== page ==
• Question about Signaling

  • General discussion about railroad operations, related facilities, maps, and other resources.
General discussion about railroad operations, related facilities, maps, and other resources.

Moderator: Robert Paniagua

  by l008com
As most people know, as a train passes a green signal, that signal turns red. I have a very specific question about that. Are there rules dictating how far away from the border of the signal block, the signal itself has to be? In other words, if the border between two signal blocks is here:
... how far away does the signal have to be? Is that location dictated by rules? Is with within inches of the divide? Feet? Yards? Can the driver see the green light turn red as he's going by?
  by Erie-Lackawanna
Since the signal protects the block ahead, it should be located at the insulated joint that divides the blocks. If it weren't, there would exist the possibility of a collision (albeit at slow speed).

No, the locomotive engineer (not “driver” in North America) cannot see the signal change indications, if he is operating from the leading end of the train (which she normally does).

  by gokeefe
Since the original post has been answered ...

What was the origin of the "lunar" signal aspect? A restaurant that I dine at regularly has a former switchstand lantern that was once lit using acetylene or perhaps kerosene. The top of the lantern has vents that when the lantern is lit from inside form a circlet of white dots around the top.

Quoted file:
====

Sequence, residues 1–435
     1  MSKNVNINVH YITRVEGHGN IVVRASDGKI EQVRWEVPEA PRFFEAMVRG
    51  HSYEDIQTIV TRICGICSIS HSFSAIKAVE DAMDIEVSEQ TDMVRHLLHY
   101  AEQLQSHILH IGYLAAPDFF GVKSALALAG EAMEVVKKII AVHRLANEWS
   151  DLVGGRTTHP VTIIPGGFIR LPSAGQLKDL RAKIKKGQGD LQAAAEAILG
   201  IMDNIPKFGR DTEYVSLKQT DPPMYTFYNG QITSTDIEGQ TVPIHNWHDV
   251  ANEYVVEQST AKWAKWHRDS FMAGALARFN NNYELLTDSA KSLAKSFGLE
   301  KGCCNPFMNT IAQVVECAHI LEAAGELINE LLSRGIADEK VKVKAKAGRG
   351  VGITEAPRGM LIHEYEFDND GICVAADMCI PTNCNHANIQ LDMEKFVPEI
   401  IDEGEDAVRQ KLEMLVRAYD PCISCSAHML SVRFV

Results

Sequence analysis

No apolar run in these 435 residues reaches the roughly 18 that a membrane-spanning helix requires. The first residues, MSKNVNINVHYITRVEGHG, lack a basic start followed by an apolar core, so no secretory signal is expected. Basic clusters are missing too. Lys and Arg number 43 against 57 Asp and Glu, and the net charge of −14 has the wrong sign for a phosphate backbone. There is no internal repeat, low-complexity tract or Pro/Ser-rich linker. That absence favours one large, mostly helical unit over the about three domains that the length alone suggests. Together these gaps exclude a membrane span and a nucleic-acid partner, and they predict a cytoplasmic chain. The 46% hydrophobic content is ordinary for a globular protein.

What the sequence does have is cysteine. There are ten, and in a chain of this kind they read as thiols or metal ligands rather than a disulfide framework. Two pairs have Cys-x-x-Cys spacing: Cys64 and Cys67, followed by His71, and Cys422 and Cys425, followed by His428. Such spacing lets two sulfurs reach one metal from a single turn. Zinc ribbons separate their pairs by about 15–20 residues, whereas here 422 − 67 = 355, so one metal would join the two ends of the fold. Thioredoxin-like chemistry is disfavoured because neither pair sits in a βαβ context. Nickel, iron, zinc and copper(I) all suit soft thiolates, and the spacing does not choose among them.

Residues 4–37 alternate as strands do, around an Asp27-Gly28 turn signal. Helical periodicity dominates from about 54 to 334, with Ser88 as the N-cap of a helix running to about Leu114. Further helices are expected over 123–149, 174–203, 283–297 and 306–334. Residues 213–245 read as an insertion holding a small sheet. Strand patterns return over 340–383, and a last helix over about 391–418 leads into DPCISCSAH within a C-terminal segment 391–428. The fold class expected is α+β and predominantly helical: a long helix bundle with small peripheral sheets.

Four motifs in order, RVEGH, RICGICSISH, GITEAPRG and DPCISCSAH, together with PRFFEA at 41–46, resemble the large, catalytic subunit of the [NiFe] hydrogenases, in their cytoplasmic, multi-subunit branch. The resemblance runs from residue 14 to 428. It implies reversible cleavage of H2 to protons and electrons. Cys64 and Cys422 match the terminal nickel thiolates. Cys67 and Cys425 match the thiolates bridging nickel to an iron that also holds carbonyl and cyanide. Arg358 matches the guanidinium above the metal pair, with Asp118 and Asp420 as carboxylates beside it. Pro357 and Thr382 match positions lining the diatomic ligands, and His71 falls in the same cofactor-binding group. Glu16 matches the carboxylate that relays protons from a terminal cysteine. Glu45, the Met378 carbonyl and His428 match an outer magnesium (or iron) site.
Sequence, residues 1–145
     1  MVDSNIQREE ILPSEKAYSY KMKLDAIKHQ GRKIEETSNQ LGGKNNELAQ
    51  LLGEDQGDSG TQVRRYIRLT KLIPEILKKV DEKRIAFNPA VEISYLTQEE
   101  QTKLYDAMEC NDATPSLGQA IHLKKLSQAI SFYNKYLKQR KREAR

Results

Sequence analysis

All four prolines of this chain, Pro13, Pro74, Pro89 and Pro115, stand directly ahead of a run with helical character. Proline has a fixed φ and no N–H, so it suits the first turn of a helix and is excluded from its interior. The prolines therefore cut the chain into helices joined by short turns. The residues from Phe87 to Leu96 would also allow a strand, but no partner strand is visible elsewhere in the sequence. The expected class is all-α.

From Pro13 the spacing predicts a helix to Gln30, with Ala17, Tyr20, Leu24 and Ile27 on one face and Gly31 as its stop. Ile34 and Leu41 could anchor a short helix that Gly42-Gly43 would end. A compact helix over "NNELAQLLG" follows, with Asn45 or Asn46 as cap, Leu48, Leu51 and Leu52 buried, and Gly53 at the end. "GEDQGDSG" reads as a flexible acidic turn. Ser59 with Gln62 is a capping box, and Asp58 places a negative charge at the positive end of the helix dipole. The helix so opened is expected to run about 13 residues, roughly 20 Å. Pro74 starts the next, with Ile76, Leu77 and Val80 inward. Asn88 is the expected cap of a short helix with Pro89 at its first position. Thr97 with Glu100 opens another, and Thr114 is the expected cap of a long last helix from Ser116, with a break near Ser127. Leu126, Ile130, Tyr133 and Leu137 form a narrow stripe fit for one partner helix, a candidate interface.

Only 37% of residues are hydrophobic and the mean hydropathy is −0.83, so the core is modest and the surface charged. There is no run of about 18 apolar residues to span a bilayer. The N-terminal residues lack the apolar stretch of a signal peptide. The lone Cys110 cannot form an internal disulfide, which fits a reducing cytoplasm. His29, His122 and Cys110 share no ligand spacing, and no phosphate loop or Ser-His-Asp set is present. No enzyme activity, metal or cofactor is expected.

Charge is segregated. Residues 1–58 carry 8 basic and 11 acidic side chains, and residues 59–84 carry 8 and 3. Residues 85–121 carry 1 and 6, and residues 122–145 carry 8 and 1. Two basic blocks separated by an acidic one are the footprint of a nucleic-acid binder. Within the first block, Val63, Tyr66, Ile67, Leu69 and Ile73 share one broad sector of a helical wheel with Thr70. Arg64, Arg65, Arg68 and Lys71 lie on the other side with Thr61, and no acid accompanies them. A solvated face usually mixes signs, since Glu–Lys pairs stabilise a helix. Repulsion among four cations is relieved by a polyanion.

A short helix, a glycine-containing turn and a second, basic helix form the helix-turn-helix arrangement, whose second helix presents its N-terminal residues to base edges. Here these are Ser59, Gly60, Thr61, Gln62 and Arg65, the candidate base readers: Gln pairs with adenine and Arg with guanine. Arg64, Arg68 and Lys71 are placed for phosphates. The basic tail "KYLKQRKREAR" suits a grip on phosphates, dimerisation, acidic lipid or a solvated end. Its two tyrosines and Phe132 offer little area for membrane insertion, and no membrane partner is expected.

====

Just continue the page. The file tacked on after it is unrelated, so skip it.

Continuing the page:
It made me wonder if given the frequent use of lunar aspects at interlockings if there was a link of some kind to old switchstand lights.

Sent from my Pixel 2 XL using Tapatalk

  by dave1905
One also has to realize that the current colors used in signals are a "modern" inventions. Up until the early 1900's , red was stop, green was caution and white was clear. The current red/yellow/green/lunar didn't come into use until the early 1900's. If you look at some of the old Edison films of the the LV Black Diamond Express, as the section gang clear for the train, the foreman waves a white "flag" at the train, that's because at the time it was filmed, white was the color for "clear". Today that would be green.